It’s truly one of those things you need to try for yourself to understand just how fabulous coffee can taste.
The Gooseneck Kettle - Consider It a Necessary Item
Now that we've looked at what a Hario v60 is, how to use it and the equipment needed, it's clear to see what an important role the gooseneck kettle plays. Although you can use any kettle, considering how important the pouring process is both in the length of time and how you pour it, the kettle you use will have a huge impact.
The good news is that this style of kettle is relatively easy to find, and there is a variety to choose from. You can opt for one that you boil on the stove or an electric model. The electric models tend to be faster, plus this is when you get the temperature feature that allows you to set the boiling temperature. This is another important element when using the Hario v60. If the water is too hot, it will burn the grinds and make for an unpleasant cup of coffee.
A couple of features worth looking for in the kettle include:
- The ability to choose a pre-set temperature or create a pre-set temperature
- Bluetooth connectivity
- Stay cool handle
- Precision flow spout
- How much water the kettle can boil at once (this will matter if you typically make multiple cups of coffee at once)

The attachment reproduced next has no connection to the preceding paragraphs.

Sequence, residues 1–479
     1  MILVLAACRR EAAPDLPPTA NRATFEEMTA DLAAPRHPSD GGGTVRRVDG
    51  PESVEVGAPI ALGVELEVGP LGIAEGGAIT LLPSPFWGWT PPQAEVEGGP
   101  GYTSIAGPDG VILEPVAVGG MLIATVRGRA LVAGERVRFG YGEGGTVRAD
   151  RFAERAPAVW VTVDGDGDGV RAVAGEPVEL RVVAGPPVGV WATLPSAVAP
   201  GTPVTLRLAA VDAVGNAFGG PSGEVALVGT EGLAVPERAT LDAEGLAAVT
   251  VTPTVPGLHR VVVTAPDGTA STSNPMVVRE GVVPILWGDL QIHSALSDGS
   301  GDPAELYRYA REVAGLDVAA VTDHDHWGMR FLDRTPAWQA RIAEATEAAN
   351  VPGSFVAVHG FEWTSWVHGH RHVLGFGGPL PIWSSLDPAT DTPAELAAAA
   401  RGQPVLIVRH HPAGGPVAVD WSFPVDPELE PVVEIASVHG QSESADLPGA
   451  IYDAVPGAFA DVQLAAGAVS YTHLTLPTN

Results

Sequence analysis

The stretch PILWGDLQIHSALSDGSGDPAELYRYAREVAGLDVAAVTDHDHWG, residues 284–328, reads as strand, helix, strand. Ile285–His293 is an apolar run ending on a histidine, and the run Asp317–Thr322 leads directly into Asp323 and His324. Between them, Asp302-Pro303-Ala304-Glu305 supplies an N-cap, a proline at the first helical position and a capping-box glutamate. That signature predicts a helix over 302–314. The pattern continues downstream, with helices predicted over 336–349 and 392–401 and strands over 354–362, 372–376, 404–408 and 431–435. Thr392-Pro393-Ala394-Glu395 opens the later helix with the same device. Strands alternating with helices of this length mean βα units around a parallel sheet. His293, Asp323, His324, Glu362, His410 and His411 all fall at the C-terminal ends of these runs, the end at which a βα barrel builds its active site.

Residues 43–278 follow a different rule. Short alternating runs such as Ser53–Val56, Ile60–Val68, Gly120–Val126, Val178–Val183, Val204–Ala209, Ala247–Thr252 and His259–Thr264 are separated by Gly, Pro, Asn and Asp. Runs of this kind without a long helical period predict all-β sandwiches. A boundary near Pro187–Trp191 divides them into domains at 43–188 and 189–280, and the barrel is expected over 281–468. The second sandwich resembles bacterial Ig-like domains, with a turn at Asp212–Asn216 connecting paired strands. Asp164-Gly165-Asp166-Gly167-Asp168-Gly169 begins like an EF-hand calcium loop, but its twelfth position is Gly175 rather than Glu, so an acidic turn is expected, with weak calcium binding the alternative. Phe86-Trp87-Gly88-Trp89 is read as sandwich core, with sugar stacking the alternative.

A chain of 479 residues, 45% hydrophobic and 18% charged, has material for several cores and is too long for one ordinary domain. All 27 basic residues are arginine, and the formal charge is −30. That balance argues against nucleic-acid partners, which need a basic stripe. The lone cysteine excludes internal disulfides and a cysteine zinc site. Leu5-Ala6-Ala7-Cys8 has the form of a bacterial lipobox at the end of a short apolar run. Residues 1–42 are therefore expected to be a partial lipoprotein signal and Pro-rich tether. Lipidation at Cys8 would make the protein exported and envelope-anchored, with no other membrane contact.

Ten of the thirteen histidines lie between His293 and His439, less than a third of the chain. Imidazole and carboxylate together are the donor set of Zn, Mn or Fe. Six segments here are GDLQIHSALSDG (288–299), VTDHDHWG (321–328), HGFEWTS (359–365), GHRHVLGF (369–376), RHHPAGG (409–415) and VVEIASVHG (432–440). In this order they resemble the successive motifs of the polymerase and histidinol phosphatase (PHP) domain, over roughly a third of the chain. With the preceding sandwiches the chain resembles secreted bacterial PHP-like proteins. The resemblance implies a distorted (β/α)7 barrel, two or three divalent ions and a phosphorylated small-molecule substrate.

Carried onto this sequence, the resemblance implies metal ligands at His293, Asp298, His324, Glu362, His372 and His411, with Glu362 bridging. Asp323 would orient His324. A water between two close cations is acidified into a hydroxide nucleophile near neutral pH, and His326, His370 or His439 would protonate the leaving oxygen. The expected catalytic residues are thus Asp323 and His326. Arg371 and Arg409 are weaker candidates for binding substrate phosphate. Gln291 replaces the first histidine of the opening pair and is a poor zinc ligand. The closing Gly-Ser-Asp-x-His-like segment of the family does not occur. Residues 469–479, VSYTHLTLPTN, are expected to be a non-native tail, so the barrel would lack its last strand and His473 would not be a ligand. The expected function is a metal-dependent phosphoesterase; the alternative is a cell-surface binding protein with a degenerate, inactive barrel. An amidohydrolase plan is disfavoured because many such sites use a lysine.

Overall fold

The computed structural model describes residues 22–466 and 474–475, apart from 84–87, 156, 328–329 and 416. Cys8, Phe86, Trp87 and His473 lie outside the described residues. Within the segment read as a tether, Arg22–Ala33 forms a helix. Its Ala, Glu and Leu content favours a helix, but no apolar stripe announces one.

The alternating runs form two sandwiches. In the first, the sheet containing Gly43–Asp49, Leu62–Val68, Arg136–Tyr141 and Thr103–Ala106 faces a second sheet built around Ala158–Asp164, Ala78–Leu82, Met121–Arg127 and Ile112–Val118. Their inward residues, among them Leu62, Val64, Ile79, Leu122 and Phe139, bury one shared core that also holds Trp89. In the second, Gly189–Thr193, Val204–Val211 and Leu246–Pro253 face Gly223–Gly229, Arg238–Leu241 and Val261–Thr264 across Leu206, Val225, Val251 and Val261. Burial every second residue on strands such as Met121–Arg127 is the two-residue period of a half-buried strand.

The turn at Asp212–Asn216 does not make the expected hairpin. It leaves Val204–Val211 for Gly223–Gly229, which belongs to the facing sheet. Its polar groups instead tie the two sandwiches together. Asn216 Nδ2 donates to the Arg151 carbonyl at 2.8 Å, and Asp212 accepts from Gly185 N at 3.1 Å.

This style of kettle comes in various materials and colors so you can also find one that works with your kitchen décor.
What If You Want to Grind the Beans in Advance?
As mentioned, it’s best to grind the coffee beans on an as-needed basis, but sometimes that’s not practical or possible. In those cases, you may wish to grind your beans in advance. Experts suggest grinding only what you will use within a couple of days. The grinds should be stored in an air-tight container with a tight-fitting lid. They should be stored at room temperature or cool (not cold) and in an area that isn't exposed to sunlight or artificial light. When looking for a storage container, you may want to choose a stainless-steel model so that the grinds aren’t exposed to the light.
Because you’ll just be grinding a small number of beans at a time, chances are you don’t need a huge coffee grinder. This can bring down the cost and open up the door to all kinds of small and functional electric grinders.
It’s Time to Elevate Your Coffee Game
So, if you’re ready to take your love of coffee to the next level and experience the flavors in their truest forms, then it’s well worth investing in a Hario v60. It’s a sophisticated and elegant experience that you shouldn’t rush through; instead, it’s a moment you should savor.